UnApologetic

Christian Theology and Apologetics

A Quick Note on the Parousia of Christ.

The Below is an excerpt from my Thesis currently in work and as such is copyrighted material.

1 Thess. 2.19. F.F. Bruce comments, “This is the earliest occurrence in literature of παρουσια in its distinctive Christian sense of the advent of Christ in glory.”[1] In this passage, Paul considers his spiritual children as his joy (χαρά) or crown (στέφανος).[2] The Thessalonian community came to faith as a result of Paul’s ministry and as such he considers them his crown, because at the parousia, he would be rewarded for his efforts in bringing them to faith. Hence, judgment was expected at Christ’s parousia.

Paul also mentioned this occasion of reward to Timothy. In 2 Timothy 4:8 Paul states that there is laid up for him a “crown of righteousness” which he will be rewarded on “that day, ἐκείνῃ τῇ ἡμέρᾳ.” Paul uses the term ἐκείνῃ τῇ ἡμέρᾳ precicely in another passage in connection with the judgement of Christ (cf. 2 Tim. 1:18). Moreover, in 1 Thess. 1:5-10, Paul links “that day, τῇ ἡμέρᾳ ἐκείνῃ” with the judgment of unbelievers. In Paul’s understanding, judgment is to be expected at the parousia of Christ, for believers and unbelievers correspondingly.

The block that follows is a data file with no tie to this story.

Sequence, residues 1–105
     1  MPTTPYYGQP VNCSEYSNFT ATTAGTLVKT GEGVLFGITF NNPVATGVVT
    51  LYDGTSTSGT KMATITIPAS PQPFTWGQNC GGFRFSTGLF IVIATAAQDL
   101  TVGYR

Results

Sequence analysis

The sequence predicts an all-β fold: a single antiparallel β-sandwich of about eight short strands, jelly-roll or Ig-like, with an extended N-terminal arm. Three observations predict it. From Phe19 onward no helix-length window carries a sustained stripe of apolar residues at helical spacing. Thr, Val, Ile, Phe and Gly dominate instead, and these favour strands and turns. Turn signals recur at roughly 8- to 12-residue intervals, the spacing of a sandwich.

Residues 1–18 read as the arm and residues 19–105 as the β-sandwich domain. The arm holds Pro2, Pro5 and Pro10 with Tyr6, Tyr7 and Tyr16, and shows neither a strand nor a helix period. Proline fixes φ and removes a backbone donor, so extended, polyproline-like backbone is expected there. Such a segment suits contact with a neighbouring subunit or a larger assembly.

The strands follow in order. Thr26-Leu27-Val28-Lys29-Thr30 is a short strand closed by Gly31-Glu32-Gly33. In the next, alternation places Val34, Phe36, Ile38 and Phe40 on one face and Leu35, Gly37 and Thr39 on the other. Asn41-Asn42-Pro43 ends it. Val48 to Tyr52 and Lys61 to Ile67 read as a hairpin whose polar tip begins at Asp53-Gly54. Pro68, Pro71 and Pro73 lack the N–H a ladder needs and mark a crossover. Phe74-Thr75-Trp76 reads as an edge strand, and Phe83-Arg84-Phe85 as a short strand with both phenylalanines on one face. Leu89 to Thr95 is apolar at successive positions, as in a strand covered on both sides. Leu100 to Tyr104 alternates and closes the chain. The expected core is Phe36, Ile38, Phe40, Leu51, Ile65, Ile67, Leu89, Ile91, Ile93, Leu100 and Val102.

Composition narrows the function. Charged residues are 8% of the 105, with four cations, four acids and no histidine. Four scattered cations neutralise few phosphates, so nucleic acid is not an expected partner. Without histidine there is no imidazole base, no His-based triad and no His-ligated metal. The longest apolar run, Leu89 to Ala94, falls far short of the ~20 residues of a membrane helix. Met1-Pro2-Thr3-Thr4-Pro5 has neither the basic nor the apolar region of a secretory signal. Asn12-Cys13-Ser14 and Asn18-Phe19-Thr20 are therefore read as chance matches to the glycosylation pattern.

Another passage which theologically parallels 1 Thessalonians 2:19 is 2 Corinthians 1:14. In this passage Paul tells the Corinthians that they are the source of his boasting “in the day of our Lord Jesus, ἐν τῇ ἡμέρᾳ τοῦ κυρίου ἡμῶν Ἰησοῦ.” The expression, “ἐν τῇ ἡμέρᾳ τοῦ κυρίου ἡμῶν Ἰησοῦ” also occurs in 1 Corinthians 1:8. Paul says to the Corinthians that they would be confirmed until the end blameless “in the day of our Lord Jesus Christ.”

With 1 Cor. 1:8 in mind, David E. Garland states the following:

“The day of the Lord Jesus” refers to the Parousia, which Christians associated with the day        of judgment found in the Old Testament (see Isa 13:6, 9; Ezek 13:5; Amos 5:18; Joel 2:1; Obad 1:15; Zeph 1:14). Paul identifies it as the time when God judges an individual’s motives (1 Cor 4:3–5). Boasts can only be fully realized on the day of the Lord, when God’s judgment reveals who we are and what our work was (see 1 Cor 3:12–15).[3]

Therefore, it is reasonable to conclude as Garland has in the above, that Paul understood the “day of the Lord Jesus Christ” and the parousia of Christ to be tantamount to one another.

[1]. Bruce, F. F. Word Biblical Commentary, Vol. 45, 1&2 Thessalonians. Waco: Word Books, 1982.

[2]. In a similar fashion, Paul also called the other believers his “joy or crown,χαρὰ ἢ στέφανος” (Phil. 4:1).

[3]. Garland, David E. 2 Corinthians, vol. 29, The New American Commentary (Nashville: Broadman & Holman Publishers, 1999), 93.

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